Roughton v. Brown, 53 N.C. 393, 8 Jones 393 (1861)

June 1861 · Supreme Court of North Carolina
53 N.C. 393, 8 Jones 393

J. L. ROUGHTON and wife v. ISAAC T. BROWN.

A writ of error coram nobis, lies from any court of record returnable to itself, and not from a superior to an inferior court.

Only the parties to a judgment, as to whom there is error of fact, need join in a writ of error coram nobis.

The husband of a feme covert against whom a judgment has been taken, must join with her in an application for a writ of error coram nobis.

Petition for a writ of error coram nobis, heard before French, J., at tlie last Spring Term of Yadkin Superior Court.

The petition was filed in the name of the husband and wife, in the County Court of Yadkin, upon due notice given, praying for a writ of error to reverse a judgment rendered against the petitioner, Amelia and others, at a former term of the said Court, upon the ground, that she was at the time of the rendition of such judgment a feme covert. The County Court granted the prayer of the petition and ordered the writ of error to issue, from which the defendant, in error, appealed to the Superior Court. It appeared in the Superior Court, that *394said Amelia was a feme covert at the time the judgment was rendered; that she had joined her husband and. others, in the bond, on which the judgment was taken ; that execution had issued on such judgment, and that the, land of the said Amelia had been :sold under it.

His Honor, in the Superior Court, being of opinion against the petitioners, refused the writ asked for; from which the petitioners appealed to the Supreme Court.

Clement, for the plaintiffs.

'Mitehell, for the defendant.

Battle, J.

The reasons which induced the Judge, in the Court below, to reject the application for the writ of error cor am nobis, are not stated, but in this Court, the objection to it is based upon two grounds:

1st. That it ought to have been brought in the Superior Court and not in the County Coprt, and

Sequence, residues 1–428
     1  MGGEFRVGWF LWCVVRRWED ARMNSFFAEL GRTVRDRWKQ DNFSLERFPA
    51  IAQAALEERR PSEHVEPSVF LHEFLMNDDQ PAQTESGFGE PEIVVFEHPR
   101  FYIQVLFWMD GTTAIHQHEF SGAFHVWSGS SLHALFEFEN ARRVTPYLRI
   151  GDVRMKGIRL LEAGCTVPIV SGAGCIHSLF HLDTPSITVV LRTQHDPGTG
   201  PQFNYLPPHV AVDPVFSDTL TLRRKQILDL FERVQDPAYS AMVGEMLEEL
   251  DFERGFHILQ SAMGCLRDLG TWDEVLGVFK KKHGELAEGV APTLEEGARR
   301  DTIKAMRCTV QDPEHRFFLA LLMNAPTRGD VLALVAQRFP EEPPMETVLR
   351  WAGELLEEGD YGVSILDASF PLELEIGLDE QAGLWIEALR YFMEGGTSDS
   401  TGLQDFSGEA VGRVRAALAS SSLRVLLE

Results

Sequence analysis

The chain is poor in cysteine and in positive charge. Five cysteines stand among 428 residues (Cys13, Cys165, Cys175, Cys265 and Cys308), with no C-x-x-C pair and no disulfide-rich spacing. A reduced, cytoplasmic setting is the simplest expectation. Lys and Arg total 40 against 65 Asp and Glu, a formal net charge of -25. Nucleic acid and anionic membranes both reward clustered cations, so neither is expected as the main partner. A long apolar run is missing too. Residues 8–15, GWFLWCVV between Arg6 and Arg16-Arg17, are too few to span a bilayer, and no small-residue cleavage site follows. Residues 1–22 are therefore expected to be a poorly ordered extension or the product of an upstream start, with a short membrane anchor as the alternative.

2ndly. That all the defendants, in the judgment, ought to have been parties in the petition for the writ. In our opinion neither ground of objection is tenable.

1. The distinction between an ordinary writ of error and a writ of error coram nobis is, that the former is brought for a supposed error in law, apparent upon the record, and takes the case to a higher tribunal, where the question is to be decided and the judgment sentence or decree is to be affirmed or reversed ; while the latter is brought for an alleged error of fact, not appearing upon the record, and lies to the same court, in order that it may correct the error, which it is presumed would not have been committed, had the fact, in the first instance, been brought to its notice. A writ of error of this kind will lie to any court of record, and as our county courts are courts of record, 'We cannot conceive of a reason why one of them may not correct an error of fact in its judgment, upon a writ of error brought -before itself. See 2nd Tidd’s Practice, 1186, and Lassiter v. Harper, 10 Ire. 392.

2. As to the second ground of objection; we are aware that *395an ordinary writ of error must be brought in the names of all the parties to the judgment, and if one or more of them be unwilling to join in it, there must be a summons and severance of such objecting party or parties; Walter v. Stokoe, 1 Ld. Raymond, 71, Oarth. 8 ; Sharpe v. Jones, 3 Murph. 306, Without stopping to enquire, whether this rule, in relation to writs of error for matter of law, may not be altered by an equitable construction of the 27th section of the 4th Chapter of the Revised Code, which gives to one or more defendants the right to appeal, alone, from a judgment against him or them and others, we do not find any direct authority that the rule ever has been applied to writs of error coram, nobis, and we do not perceive any reason why it should be so applied. The usual instances of error in fact, requiring the intervention of this writ, are those of judgments against infants and femes covert, where the fact of such infancy or coverture does not appear on the record. In such cases, it is manifest that the judgment, if otherwise proper, will be erroneous only as to them and not as to the other defendants. Why, then, should the other defendants be parties to the writ, when they cannot have any interest in reversing the judgment? We cannot perceive any necessity for it, and in our practice shall not require it. In the case of coverture, the husband must be joined with the wife, because she, as a general rule, cannot sue or prosecute any legal proceeding without him.

Our conclusion is, that the order appealed from must be reversed; and this will be certified to the Superior Court, in order that a procedendo may be issued to the Coimty Court.

Per Curiam,

Judgment reversed.